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2. Be proactive

Sustainable travel in Thailand can be about much more than making sure you are making a minimal impact on the environment. In many ways, you can actually do something positive!  

There are tons of volunteering options available in the Southeast Asian nation that can help you in this aim. You can donate your time to animal shelters in exchange for accommodation, or give your money to wildlife conservation areas that have sustainability at their heart.  

It’s easy to make a difference outside the animal kingdom, too. Initiatives like Trash Hero (which began in Thailand) organise groups of rubbish collectors to clean areas of debris and other trash, once again allowing these spaces to breathe properly. Not only will you feel good, but it’s also a chance to meet locals and other travellers who have the same mindset as you when it comes to sustainable travel in Thailand.  

travellers in Thailand

Image source:Contiki

3. Eat well but also right

As a food destination there are few countries better than Thailand, and that’s largely driven by its delicious street food culture. However, as of right now, single-use plastics are the go-to when it comes to serving customers – so be mindful of this.  

Some of this can be abated by being proactive and bringing your own containers and utensils to stalls, but that can be unwieldy and leave a mess in your bag. It’s best to look for street food stalls that use wooden utensils, and biodegradable paper or rewashable plates. However, that’s easier said than done.  

Really, the best way to enjoy the glorious Thai food culture while also ensuring your environmental impact is kept to a minimum is to visit local restaurants. Many of the best sit-down spots offer incredible value, so you won’t be losing out from a budgetary perspective, and you can also bask in your post-meal satisfaction without any of the guilt that comes from utilising single-use plastics.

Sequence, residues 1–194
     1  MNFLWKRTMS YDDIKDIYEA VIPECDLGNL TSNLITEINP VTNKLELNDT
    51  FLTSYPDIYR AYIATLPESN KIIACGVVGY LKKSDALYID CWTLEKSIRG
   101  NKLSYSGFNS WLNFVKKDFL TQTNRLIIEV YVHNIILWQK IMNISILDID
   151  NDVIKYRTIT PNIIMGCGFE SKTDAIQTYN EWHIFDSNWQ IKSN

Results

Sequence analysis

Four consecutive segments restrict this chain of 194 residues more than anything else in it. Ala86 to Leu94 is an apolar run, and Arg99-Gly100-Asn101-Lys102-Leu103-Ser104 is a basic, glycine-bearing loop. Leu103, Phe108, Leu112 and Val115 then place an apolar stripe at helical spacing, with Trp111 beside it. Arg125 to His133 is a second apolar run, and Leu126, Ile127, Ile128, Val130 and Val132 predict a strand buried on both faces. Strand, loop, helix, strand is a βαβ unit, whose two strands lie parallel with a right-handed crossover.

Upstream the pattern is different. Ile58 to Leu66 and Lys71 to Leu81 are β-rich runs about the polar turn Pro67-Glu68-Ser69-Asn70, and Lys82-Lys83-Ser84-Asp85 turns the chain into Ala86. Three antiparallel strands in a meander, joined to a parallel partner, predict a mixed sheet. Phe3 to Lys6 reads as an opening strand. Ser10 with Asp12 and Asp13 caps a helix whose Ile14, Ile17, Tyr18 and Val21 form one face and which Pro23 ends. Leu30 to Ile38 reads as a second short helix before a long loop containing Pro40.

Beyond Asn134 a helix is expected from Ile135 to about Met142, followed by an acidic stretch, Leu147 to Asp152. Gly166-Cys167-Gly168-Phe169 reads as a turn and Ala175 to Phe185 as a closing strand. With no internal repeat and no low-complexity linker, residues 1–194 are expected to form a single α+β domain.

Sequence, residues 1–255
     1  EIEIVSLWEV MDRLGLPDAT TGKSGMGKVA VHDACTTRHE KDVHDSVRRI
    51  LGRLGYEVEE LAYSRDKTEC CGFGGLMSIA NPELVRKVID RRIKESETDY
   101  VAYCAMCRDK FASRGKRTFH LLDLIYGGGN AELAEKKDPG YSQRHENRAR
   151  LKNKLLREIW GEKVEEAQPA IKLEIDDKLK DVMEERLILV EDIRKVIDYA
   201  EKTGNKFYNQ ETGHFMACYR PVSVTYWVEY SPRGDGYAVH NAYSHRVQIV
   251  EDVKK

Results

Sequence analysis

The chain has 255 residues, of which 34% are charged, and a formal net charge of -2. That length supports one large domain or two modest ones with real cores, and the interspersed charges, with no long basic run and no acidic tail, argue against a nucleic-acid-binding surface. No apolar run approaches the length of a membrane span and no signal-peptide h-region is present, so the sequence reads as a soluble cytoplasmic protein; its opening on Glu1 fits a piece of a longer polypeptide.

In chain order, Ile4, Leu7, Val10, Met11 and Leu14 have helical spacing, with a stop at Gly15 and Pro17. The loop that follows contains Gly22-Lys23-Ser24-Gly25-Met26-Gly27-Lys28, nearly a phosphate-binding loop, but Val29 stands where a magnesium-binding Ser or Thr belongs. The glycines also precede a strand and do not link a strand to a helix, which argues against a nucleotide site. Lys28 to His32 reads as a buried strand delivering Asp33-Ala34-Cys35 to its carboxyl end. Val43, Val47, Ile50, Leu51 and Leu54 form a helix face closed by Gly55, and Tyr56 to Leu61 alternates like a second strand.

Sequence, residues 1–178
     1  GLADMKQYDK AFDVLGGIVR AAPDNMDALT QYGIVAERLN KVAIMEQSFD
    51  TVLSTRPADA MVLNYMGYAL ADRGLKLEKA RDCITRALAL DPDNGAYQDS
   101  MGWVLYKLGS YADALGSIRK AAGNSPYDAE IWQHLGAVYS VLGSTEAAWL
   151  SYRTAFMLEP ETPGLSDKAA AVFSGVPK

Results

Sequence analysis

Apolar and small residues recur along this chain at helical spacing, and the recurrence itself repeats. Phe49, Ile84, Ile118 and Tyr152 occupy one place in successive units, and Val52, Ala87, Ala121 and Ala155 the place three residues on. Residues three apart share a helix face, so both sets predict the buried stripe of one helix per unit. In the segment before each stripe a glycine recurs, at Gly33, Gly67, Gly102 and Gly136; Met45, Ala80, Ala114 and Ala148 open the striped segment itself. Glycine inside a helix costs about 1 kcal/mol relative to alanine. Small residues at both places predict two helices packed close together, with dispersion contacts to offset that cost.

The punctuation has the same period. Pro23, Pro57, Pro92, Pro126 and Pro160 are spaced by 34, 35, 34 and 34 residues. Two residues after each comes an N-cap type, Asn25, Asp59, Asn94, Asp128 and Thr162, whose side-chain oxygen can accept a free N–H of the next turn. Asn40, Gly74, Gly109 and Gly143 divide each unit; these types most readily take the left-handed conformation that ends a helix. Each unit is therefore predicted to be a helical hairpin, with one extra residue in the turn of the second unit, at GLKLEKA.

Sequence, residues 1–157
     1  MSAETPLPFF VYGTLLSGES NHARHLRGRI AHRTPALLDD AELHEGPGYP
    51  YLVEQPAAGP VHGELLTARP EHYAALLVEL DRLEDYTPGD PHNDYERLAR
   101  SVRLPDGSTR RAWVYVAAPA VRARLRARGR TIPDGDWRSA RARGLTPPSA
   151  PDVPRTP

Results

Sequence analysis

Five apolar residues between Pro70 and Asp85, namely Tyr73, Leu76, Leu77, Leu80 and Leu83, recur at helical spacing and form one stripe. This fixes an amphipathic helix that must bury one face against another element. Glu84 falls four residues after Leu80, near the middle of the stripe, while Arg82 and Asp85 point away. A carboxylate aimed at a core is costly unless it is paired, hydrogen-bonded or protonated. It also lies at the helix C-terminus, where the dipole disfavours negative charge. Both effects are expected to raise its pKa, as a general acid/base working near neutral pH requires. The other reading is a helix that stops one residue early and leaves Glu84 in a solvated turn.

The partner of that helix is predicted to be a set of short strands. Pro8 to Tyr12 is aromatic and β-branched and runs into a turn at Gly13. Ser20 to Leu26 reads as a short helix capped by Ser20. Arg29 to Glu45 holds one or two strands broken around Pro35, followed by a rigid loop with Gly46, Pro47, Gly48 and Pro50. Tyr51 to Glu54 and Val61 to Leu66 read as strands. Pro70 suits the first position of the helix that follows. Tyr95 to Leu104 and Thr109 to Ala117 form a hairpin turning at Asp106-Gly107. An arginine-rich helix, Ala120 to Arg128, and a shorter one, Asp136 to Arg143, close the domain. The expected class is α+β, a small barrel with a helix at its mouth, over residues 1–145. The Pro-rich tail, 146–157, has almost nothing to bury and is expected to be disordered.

4. Stay in accommodation that puts sustainability at the heart of everything it does

Whether you want to stay in a wooden hut or a luxury hotel, you’ll be able to in Thailand. The wealth of accommodation choices available is one of the reasons the country is such a popular destination, but among the numerous options there are some that are perfect for those looking to engage in sustainable travel in the country.  

Sustainable accommodation isn’t limited to one price point, either. You can have cheap hostels that aren’t so good for the environment, and 5-star spots that would receive approval from Greta Thunberg. So, no matter your budget, you will be able to find something. There are a few factors to look out for. The World Travel Awards and organisations like Green Tourism are reputable in terms of certifying whether or not a hotel or hostel is really sustainable.   

On a more practical note, you can see if your accommodation limits unnecessary energy consumption (turning air conditioning off in empty rooms, having a lights out policy after a certain time, and similar rules), as well as their water consumption.  

Hotels and hostels which offer recycling services are also a great choice, as are those that get some of their power from renewable sources. Bangkok gets nearly 4,000 hours of sun a year on average, making it an excellent place for solar panels.